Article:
A Spoonful of Magic by Irene Radford

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Trigger warnings for rape, gaslighting, infidelity, and discussions of Joss Whedon.

I  DNF’d this book so hard I’m a little surprised my Kindle isn’t embedded in the drywall.

First, a few points.

  1. I am aware (and was aware when I started this book) that this is Not a Romance. I am not carrying into this review my romance-reader expectations on happy or optimistic endings.
  2. I started this book while the coverage of Kai Cole’s essay on Joss Whedon’s infidelity and gaslighting was everywhere, which was a weird parallel that accentuated my revulsion.
  3. This book does not come out until November 7, which is a good ways off. Usually I don’t post reviews so far in advance, but I’ll probably complain about this book more than once before pub date.

I picked up this book because the NetGalley description sounded really intriguing:

A delightful new urban fantasy about a kitchen witch and her magical family

Daphne “Daffy” Rose Wallace Deschants has an ideal suburban life—three wonderful and talented children; a coffee shop and bakery, owned and run with her best friend; a nearly perfect husband, Gabriel, or “G” to his friends and family. Life could hardly be better.

But G’s perfection hides dangerous secrets. When Daffy uncovers evidence of his infidelity, her perfect life seems to be in ruins. On their wedding anniversary, Daffy prepares to confront him, only to be stopped in her tracks when he foils a mugging attempt using wizard-level magic. 

Suddenly, Daphne is part of a world she never imagined–where her husband is not a traveling troubleshooter for a software company, but the sheriff of the International Guild of Wizards, and her brilliant children are also budding magicians. Even she herself is not just a great baker and barista—she’s actually a kitchen witch. And her discovery of her powers is only just beginnning [sic]. 

But even the midst of her chaotic new life, another problem is brewing. G’s ex-wife, a dangerous witch, has escaped from her magical prison. Revenge-bent and blind, she needs the eyes of her son to restore her sight—the son Daffy has raised as her own since he was a year old. Now Daphne must find a way to harness her new powers and protect her family—or risk losing everything she holds dear.

As I said, I didn’t go into this book expecting a romance at all, but what I got made me SO angry.

The book opens with Daffy at a 13th anniversary dinner with her husband, and she’s pissed. Someone has emailed her pictures of him having wild sex with another woman, just after the people of their small (and of course sort of weird) town saw him around when he said he was overseas. When she confronts him with the pictures and then leaves the restaurant, three dudes attempt to mug her, but he stops them with his wooden fountain pen which is actually his magic wand.

She thought he was a low-level “parlor trick” magician, similar to some of the semi-magical people around their town. Turns out he has serious magical abilities, but he only tells her that much because she saw them. He won’t answer her questions about his having sex with someone else, and keeps insisting that she not kick him out because he has to keep her and their three children safe.

I was thinking maybe at some point she’d realize her kitchen witch powers and set him on fire, but that didn’t happen. Instead, the story follows Daffy ( she’s a magical baker in a magical coffee shop in a magical small town) and her children, who are beginning to manifest their powers.

I liked that not everything is explained up front. There’s no infodumpy reverie from the protagonists – not even when G should have been explaining things because clearly Daffy is devastated and betrayed by his infidelity –  and there isn’t much random “As you know,” from ancillary characters. The world is built in small doses, and while some of it is cliched (magical small town coffeeshop bakery because of course magical small town coffeeshop bakery), it made me curious enough to keep going.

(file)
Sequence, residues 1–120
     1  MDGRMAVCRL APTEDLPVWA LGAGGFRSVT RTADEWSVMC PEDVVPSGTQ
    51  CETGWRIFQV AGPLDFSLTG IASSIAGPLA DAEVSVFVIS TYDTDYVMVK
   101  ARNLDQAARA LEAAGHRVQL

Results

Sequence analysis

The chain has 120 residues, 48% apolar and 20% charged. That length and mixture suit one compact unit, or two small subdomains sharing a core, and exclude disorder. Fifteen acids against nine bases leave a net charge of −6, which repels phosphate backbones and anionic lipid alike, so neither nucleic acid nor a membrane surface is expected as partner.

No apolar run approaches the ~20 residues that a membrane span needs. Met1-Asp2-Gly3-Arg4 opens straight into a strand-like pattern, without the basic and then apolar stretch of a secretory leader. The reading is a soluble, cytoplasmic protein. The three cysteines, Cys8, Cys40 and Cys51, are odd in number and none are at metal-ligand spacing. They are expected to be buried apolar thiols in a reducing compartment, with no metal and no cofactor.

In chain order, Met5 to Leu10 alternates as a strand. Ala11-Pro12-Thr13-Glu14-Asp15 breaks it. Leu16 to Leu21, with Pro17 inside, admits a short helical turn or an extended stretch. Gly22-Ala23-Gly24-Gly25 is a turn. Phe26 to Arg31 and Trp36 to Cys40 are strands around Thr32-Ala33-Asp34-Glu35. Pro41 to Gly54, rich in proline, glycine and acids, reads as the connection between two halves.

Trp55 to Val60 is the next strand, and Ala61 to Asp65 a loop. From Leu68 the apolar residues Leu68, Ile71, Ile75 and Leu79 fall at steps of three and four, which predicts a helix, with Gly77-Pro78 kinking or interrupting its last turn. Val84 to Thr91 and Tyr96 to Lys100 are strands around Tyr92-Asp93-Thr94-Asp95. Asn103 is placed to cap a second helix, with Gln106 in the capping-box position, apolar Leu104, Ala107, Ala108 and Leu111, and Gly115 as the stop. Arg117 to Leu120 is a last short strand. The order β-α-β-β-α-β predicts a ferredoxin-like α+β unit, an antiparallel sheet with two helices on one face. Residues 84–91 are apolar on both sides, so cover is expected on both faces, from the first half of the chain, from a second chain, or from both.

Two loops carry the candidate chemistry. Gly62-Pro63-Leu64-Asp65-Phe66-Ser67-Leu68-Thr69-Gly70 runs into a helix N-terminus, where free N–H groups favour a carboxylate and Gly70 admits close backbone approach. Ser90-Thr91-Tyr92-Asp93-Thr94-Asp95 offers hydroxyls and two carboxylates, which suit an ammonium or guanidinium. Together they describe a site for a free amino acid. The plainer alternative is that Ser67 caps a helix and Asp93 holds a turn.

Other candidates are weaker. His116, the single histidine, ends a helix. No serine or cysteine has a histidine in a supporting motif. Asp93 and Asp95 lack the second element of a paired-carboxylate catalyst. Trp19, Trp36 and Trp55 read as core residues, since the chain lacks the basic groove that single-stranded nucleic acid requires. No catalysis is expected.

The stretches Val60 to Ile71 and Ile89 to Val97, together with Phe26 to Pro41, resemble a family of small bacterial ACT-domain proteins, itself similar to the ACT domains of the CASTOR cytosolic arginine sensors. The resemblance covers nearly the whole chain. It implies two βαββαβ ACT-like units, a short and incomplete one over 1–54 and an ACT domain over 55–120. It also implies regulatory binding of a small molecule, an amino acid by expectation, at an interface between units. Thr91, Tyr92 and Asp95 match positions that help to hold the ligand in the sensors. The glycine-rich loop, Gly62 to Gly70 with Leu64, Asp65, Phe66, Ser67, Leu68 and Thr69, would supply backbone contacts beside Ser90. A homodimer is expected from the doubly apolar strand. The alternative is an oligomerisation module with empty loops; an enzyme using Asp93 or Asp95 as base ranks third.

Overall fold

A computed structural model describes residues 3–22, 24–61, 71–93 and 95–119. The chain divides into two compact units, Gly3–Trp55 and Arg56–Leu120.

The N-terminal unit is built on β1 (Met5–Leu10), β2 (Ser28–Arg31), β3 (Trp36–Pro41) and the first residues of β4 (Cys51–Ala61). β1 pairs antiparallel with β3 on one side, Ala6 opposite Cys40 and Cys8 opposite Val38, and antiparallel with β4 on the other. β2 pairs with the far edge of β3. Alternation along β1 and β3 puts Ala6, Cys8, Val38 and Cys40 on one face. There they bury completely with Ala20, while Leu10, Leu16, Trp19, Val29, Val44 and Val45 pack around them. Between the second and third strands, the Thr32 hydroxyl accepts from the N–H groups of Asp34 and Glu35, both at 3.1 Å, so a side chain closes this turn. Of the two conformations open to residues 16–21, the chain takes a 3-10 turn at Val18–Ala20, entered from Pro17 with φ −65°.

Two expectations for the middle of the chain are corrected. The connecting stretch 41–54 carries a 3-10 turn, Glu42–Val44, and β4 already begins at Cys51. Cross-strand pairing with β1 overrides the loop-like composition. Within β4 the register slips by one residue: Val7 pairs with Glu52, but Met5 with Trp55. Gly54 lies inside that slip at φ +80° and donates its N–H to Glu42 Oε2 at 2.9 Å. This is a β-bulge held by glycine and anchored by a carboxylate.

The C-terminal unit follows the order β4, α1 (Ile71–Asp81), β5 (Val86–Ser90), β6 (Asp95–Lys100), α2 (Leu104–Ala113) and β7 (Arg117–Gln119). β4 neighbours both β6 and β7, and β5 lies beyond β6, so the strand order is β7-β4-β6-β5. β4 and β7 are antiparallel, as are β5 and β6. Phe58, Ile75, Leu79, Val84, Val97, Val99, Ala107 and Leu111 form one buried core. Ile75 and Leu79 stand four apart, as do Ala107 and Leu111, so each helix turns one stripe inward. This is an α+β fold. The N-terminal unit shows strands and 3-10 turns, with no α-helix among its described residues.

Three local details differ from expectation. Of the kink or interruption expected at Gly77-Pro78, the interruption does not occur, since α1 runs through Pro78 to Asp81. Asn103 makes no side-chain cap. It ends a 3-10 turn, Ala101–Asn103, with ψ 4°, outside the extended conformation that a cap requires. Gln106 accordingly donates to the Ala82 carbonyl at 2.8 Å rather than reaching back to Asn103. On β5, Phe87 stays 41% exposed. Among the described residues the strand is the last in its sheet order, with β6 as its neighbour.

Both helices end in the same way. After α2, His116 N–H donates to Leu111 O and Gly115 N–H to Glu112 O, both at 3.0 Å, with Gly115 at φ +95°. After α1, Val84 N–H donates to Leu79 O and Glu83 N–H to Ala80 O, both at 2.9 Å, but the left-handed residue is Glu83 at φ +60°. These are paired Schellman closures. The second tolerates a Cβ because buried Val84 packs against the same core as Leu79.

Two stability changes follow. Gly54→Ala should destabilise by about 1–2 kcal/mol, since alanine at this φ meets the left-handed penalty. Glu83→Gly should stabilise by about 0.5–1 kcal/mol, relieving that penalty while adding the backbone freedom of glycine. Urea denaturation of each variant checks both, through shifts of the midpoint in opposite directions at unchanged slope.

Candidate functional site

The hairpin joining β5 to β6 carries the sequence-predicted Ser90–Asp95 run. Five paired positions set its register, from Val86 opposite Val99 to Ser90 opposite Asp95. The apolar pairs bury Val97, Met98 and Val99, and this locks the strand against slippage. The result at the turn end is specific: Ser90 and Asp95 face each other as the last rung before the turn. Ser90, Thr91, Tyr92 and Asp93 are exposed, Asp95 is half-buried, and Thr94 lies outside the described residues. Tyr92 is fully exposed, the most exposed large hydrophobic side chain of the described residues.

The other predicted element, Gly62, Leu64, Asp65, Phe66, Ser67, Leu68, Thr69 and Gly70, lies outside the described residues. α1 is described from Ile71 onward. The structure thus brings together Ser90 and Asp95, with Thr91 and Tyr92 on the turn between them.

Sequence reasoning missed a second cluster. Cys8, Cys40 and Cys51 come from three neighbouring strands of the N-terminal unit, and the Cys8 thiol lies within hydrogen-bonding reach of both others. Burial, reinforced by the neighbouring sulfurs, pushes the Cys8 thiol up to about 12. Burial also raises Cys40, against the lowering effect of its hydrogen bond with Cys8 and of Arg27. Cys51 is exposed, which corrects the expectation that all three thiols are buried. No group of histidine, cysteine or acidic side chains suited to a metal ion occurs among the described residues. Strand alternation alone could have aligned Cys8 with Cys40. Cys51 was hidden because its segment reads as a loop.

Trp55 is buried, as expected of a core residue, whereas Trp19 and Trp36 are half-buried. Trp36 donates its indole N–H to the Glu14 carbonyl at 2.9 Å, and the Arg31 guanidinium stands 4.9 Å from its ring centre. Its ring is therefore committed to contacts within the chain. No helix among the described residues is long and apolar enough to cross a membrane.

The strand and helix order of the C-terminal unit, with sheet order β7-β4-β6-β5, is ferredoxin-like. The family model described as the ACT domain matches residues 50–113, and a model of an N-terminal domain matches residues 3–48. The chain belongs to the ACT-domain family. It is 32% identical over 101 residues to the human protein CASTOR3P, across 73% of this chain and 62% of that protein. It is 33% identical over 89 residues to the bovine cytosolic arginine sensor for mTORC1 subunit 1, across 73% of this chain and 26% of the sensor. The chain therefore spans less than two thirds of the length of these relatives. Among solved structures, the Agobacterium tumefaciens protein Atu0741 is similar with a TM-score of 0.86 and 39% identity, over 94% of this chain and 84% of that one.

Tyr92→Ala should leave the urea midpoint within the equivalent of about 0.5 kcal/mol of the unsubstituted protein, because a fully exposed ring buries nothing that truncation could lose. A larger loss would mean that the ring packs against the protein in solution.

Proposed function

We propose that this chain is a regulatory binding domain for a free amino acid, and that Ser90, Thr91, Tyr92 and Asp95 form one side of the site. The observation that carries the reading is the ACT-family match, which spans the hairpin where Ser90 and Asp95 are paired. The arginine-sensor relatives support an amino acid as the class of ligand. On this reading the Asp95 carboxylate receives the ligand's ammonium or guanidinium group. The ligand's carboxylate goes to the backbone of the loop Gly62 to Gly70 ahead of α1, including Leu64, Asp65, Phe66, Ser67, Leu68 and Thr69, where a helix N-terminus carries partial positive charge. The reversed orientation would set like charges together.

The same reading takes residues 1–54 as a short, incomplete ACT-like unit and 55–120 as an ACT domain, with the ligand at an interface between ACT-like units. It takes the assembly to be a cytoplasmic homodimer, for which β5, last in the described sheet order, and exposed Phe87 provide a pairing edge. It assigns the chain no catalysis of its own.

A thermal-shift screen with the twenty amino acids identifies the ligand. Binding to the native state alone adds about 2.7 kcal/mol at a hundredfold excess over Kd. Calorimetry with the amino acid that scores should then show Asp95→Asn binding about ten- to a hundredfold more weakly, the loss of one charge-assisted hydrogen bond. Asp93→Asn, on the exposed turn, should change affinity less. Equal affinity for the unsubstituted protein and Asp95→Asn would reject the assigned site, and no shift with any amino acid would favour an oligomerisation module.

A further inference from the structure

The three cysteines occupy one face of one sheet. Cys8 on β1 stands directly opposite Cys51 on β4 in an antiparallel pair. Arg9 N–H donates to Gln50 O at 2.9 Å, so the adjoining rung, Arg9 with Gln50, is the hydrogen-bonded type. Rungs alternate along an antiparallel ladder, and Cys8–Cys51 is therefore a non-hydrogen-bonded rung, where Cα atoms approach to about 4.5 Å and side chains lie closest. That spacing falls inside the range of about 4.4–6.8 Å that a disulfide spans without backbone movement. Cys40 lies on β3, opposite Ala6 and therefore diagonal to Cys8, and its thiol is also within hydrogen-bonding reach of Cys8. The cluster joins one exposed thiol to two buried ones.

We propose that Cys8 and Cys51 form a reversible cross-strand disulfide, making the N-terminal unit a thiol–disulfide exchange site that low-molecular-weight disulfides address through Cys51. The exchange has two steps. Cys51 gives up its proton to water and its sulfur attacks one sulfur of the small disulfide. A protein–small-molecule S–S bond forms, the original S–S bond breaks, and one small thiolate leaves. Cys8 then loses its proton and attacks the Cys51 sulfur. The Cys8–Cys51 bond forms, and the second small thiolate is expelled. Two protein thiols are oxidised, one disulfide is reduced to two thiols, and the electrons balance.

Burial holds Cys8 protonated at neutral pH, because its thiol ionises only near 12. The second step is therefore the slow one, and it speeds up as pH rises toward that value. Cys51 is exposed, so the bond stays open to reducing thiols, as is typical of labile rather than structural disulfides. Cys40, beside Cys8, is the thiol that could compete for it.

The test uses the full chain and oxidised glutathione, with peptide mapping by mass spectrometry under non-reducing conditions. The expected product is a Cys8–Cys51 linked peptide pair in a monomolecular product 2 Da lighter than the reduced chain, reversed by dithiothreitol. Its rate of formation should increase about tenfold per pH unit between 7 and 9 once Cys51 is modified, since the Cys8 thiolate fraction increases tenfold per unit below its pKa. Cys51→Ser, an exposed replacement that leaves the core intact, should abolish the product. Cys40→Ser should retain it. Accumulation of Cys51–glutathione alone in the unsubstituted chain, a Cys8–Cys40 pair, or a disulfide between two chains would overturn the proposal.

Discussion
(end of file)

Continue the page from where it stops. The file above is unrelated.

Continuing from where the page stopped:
I was confused by the fact that there are dual points of view, with Daffy’s narration in first person, and G’s perspective in third person, but I figured that was a choice that would make sense later.

Unfortunately, I have no interest in getting to later. I stopped and I will not be moved.

Let me back up and explain some of the setup here. G doesn’t acknowledge how those pictures happened, except to say (of course) that it’s not what she thinks. He says that cameras can’t capture illusions, and that someone had to have hacked his email account because he didn’t send the pictures.

So he did have sex with someone but he didn’t mean to send his wife evidence?

Huh.

This is 2% in to the story so I was willing to keep going.

Then G explains that the world is really dangerous and she and their children need him around to protect them.

But he won’t say from what, and he won’t talk about whether he did cheat on her, despite visible evidence.

Then he says they’ve had “thirteen wonderful years together” and that he needs her “now more than ever.”

Daffy calls him on his bullshit:

“You need me to babysit your children. Thirteen years when I’ve raised your son as my own. I adopted him on our wedding day, so he’d never need to ask about the mother who died giving birth to him. I’ve given you two wonderful daughters, kept house, cooked, and picked up after you.”

And here is G’s sensitive, thoughtful reply:

“And I love you for that. I do truly love you despite the temptations I face every day. I built you a wrought iron-and-glass greenhouse that fills a quarter of the backyard where the stables used to be. That should prove something of my devotion to you.”

You. Have Got. To be. Fucking. Kidding. Me.

He built a greenhouse where the stables used to be so obviously she’s not focusing on the right details.

And while I’m looking at this paragraph, “The temptations I face every day?

Are you SERIOUS?!

His argument reminded me with a sick feeling of the coverage of Kai Cole’s account of her marriage wherein Whedon was cheating on her for 15+ years. That whole “temptation” whine sounded nauseatingly familiar. It was kind of eerie that this was the book I picked up immediately after I read her essay.

I mean, gosh, it’s so difficult to not stick your dick in other people.

Such a burden to be basically decent when you’re a successful, powerful dude.

I just strained every one of my ocular muscles.

Anyway, Daffy kicks his ass out of their home, and the story continues as their divorce gets closer to being finalized. The kids, it turns out, know about the cheating because one of them is drawn to locks, puzzles, and things she shouldn’t be looking at. She clicked her way into her mother’s hard drive and saw the images, which she promptly shared with her siblings.

(Yeesh.)

(And as an aside: Daffy blames herself for not doing a better job of protecting her files, since she knew her daughter was drawn to all puzzles, locks, and passwords. Do people with magical abilities have a free pass to be completely crappy humans in this world?? I cannot with that part.)

Daffy is determined that she be able to at least cordially co-parent with G, and tries to work out ways for him to be part of their lives. This becomes more complicated when each child begins manifesting signs of their own magical ability, some far earlier than normal, and all with considerable amounts of power.